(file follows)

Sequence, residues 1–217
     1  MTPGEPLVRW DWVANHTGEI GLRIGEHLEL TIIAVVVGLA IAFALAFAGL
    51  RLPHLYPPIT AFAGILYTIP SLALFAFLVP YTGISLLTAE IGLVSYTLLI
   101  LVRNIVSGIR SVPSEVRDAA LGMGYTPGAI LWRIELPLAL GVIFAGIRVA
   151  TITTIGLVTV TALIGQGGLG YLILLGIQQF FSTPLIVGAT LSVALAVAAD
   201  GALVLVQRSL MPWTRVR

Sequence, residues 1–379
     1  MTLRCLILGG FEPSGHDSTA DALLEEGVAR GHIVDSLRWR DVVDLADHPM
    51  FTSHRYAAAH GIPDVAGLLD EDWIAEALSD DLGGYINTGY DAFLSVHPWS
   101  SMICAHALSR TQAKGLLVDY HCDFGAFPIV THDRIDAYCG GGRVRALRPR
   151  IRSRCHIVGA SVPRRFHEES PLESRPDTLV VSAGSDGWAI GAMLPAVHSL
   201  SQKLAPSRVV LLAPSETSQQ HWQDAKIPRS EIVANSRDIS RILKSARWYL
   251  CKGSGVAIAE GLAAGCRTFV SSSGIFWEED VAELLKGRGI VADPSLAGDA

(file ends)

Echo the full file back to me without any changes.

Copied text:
Sequence, residues 1–217
     1  MTPGEPLVRW DWVANHTGEI GLRIGEHLEL TIIAVVVGLA IAFALAFAGL
    51  RLPHLYPPIT AFAGILYTIP SLALFAFLVP YTGISLLTAE IGLVSYTLLI
   101  LVRNIVSGIR SVPSEVRDAA LGMGYTPGAI LWRIELPLAL GVIFAGIRVA
   151  TITTIGLVTV TALIGQGGLG YLILLGIQQF FSTPLIVGAT LSVALAVAAD
   201  GALVLVQRSL MPWTRVR

Sequence, residues 1–379
     1  MTLRCLILGG FEPSGHDSTA DALLEEGVAR GHIVDSLRWR DVVDLADHPM
    51  FTSHRYAAAH GIPDVAGLLD EDWIAEALSD DLGGYINTGY DAFLSVHPWS
   101  SMICAHALSR TQAKGLLVDY HCDFGAFPIV THDRIDAYCG GGRVRALRPR
   151  IRSRCHIVGA SVPRRFHEES PLESRPDTLV VSAGSDGWAI GAMLPAVHSL
   201  SQKLAPSRVV LLAPSETSQQ HWQDAKIPRS EIVANSRDIS RILKSARWYL
   251  CKGSGVAIAE GLAAGCRTFV SSSGIFWEED VAELLKGRGI VADPSLAGDA